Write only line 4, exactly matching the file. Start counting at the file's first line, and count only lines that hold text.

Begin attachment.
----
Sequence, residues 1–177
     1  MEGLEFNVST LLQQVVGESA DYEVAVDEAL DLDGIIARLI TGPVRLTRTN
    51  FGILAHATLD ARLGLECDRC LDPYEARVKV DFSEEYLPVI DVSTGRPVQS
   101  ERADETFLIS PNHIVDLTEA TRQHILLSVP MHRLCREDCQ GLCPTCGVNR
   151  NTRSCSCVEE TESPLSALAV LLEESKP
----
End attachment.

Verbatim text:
   101  ERADETFLIS PNHIVDLTEA TRQHILLSVP MHRLCREDCQ GLCPTCGVNR